Over the last few weeks in the United States, the black community and its allies have spoken out against the murders of George Floyd, Breonna Taylor and Ahmaud Arbery. Powerful and at times contentious protests have taken place in every state and even other nations to call attention to racial inequality and police violence. Though the reach of these demonstrations and related actions are unprecedented, the divides they expose are not new.
A recent Barna study, undertaken with the Racial Justice and Unity Center alongside Michael Emerson, Glenn Bracey and Chad Brennan, highlights stark racial contrasts in perspectives, even within the Church. For instance, only two in five white practicing Christians (38%) believe the U.S. has a race problem. This percentage more than doubles, however, among black practicing Christians (78%). As this survey was conducted in late summer 2019, it can’t account for any shift due to the present, heated national discussion surrounding racism and white supremacy. But these recent responses point to a disconnection that has led us to this moment: disagreement about whether there is an issue in the first place.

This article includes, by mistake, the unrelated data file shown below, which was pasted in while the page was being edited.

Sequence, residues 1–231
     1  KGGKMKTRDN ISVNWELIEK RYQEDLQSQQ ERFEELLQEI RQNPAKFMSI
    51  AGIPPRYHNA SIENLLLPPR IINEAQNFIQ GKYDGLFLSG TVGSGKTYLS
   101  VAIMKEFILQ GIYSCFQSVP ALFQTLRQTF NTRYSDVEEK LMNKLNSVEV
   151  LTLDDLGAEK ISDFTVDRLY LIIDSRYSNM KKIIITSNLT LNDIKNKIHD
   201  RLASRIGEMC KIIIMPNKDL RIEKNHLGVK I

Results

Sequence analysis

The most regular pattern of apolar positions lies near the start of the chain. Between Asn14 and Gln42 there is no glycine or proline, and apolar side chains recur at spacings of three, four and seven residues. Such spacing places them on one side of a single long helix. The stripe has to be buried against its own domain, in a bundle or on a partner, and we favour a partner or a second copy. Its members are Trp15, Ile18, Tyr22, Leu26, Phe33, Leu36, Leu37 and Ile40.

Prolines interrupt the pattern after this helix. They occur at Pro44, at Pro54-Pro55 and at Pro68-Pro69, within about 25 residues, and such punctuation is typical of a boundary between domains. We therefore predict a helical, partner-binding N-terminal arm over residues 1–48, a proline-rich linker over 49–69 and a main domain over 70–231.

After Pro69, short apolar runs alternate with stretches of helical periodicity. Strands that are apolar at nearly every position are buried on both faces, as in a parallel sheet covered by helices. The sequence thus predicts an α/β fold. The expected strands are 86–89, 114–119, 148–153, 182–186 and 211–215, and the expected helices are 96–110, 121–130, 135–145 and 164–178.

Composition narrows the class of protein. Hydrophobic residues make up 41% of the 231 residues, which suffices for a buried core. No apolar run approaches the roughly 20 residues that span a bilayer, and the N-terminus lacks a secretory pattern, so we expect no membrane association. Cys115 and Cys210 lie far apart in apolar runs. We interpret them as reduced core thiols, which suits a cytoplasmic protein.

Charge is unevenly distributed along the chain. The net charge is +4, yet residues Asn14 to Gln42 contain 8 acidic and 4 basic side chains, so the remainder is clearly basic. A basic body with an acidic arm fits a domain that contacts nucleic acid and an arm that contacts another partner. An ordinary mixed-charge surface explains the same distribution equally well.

Some initiatives for racial justice take the long view and suggest a need for reparations for the country’s past transgressions of colonization and slavery. Here, too, movement toward certain solutions may depend on reaching agreement about the presence of problems; three-quarters of black practicing Christians (75%) at least somewhat agree that the U.S. has a history of oppressing minorities, while white practicing Christians are less likely to do so (42%).
Further, there are polarized views in the pews about whether the root of the nation’s race problems is primarily systemic or individual in nature. Data show that two in five white practicing Christians (61%) take an individualized approach to matters of race, saying these issues largely stem from one’s own beliefs and prejudices causing them to treat people of other races poorly. Meanwhile, two-thirds of black practicing Christians (66%) agree that racial discrimination is historically built into our society and institutions.